18. The back-to-back arrangement of the sessions of the special bodies enables participants, especially from the Pacific island countries, where transportation costs are prohibitive, to attend the Special Body and the Commission sessions within a single trip.
19. Participants from member countries also benefit from the informal meetings they have with the Executive Secretary, and have expressed their preference for the informal meetings to be continued.
20. The thematic approach has necessitated inter-Divisional collaboration within the secretariat. Although the main responsibility for servicing the committees rests with the respective Divisions within the secretariat, the inter-disciplinary nature of the agendas of the committees calls for contributions from other Divisions. Successful examples abound. For instance, the discussion on economic recovery in the region at the meeting of the Steering Group of the Committee for Regional Economic Cooperation in September 1999, for which the International Trade and Economic Cooperation Division has primary servicing responsibility, has benefited from the contributions of the Development Research and Policy Analysis Division. The latter division also contributed to the last meeting of the Committee on Socio-economic Measures to Alleviate Poverty in Rural and Urban Areas, in December 1999, as well as to the Committee on Environment and Natural Resources Development on the implementation of the project on integrating environmental considerations into economic decision-making. The (former) Industry and Technology Division has provided a background document to the Committee on Environment and Natural Resources Development on the transfer and adoption of environmentally sound technology.
B. Other meetings
21. Other meetings organized by the secretariat have also been reduced and restructured.
(a) Ad hoc ministerial meetings
The resolution mandated that only one such meeting should be held per year, with the prior approval of the Commission.
(b) Ad hoc intergovernmental meetings
The resolution mandated that no more than five such intergovernmental meetings may be held during a calendar year; the prior approval of the Commission is required and the total duration should not exceed twenty-five days. The two ad hoc intergovernmental meetings held in 1999 were the following:
C. Coordination at the regional level
22. The Second Regional Coordination Meeting was held in Bangkok on 25 April 2000. The report of the Meeting is attached as an annex for the information of the Commission.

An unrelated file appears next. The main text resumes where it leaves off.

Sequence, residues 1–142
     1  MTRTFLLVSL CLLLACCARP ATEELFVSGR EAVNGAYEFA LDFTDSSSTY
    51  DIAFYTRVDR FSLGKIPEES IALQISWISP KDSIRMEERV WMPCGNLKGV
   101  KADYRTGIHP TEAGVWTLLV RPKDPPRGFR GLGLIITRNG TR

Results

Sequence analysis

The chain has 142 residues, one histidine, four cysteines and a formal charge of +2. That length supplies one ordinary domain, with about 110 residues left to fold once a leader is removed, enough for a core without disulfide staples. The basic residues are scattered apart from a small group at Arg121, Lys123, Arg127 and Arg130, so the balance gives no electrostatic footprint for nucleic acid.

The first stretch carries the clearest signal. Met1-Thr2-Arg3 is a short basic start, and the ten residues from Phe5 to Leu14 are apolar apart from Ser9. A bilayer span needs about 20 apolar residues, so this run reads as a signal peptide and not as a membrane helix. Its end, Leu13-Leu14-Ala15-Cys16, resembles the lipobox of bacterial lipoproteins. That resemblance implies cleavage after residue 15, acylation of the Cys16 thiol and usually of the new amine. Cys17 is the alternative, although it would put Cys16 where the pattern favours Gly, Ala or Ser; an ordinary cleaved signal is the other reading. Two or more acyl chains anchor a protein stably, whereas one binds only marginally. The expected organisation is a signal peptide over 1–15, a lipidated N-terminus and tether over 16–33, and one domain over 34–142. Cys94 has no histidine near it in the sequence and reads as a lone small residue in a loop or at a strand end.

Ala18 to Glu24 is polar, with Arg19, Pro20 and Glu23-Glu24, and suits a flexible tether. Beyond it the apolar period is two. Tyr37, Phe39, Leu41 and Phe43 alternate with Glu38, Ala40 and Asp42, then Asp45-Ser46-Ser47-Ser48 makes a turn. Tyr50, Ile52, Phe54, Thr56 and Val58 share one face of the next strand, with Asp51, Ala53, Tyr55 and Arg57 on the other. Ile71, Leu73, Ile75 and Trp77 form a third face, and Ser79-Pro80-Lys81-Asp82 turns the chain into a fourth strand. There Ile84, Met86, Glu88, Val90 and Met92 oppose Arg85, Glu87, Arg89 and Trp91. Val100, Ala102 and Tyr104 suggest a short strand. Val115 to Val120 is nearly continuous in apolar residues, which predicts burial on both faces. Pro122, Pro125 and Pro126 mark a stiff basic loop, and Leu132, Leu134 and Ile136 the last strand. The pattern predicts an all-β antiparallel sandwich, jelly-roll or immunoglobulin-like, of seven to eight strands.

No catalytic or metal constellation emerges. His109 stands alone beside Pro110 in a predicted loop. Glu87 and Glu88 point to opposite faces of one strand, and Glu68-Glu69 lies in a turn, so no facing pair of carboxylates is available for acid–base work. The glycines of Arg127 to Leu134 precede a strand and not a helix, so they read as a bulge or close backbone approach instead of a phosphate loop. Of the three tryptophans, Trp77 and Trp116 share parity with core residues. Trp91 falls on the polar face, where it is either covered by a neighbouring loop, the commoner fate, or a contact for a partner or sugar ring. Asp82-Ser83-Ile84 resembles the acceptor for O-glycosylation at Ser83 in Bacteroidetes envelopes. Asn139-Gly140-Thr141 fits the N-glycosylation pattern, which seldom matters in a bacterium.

D. Future course of action
23. In anticipation of the comprehensive review of the implementation of resolution 53/1 to be undertaken at its fifty-eighth session in 2002, the Commission may wish to consider the desirability of convening an ad hoc intergovernmental meeting next year or in early 2002, to facilitate the Commission's deliberations on the subject. The Commission's views and guidance on this, as well as on other issues raised in the present document would enable the secretariat to continue to devote attention to the reform agenda.
REPORT ON THE SECOND REGIONAL COORDINATION MEETING
FOR THE ESCAP REGION
(Bangkok, 25 April 2000)
1. The Second Regional Coordination Meeting was held at Bangkok on 25 April 2000. The Meeting was chaired by the Executive Secretary of ESCAP on behalf of the Deputy Secretary-General of the United Nations, and was attended by eighteen United Nations bodies and specialized agencies.
2. In his opening remarks, the Executive Secretary welcomed the United Nations agency heads and drew their attention to Economic and Social Council resolution 1998/46 of 31 July 1998 on further measures for the restructuring and revitalization of the United Nations in the economic, social and related fields. Annex III, para. 13 of that resolution highlights the efforts of the Secretary-General to improve the coordination of the United Nations system, including his proposal for yearly meetings, to be chaired by the Deputy Secretary-General in each geographical area, of the relevant entities of the United Nations system engaged in regional and intercountry activities. He emphasized that these meetings should be cost-effective and build on already existing regional coordination mechanisms and should focus on specific issues. He noted that the outcome of the Regional Coordination Meeting would be reported to the Council through the respective intergovernmental bodies of the regional commissions .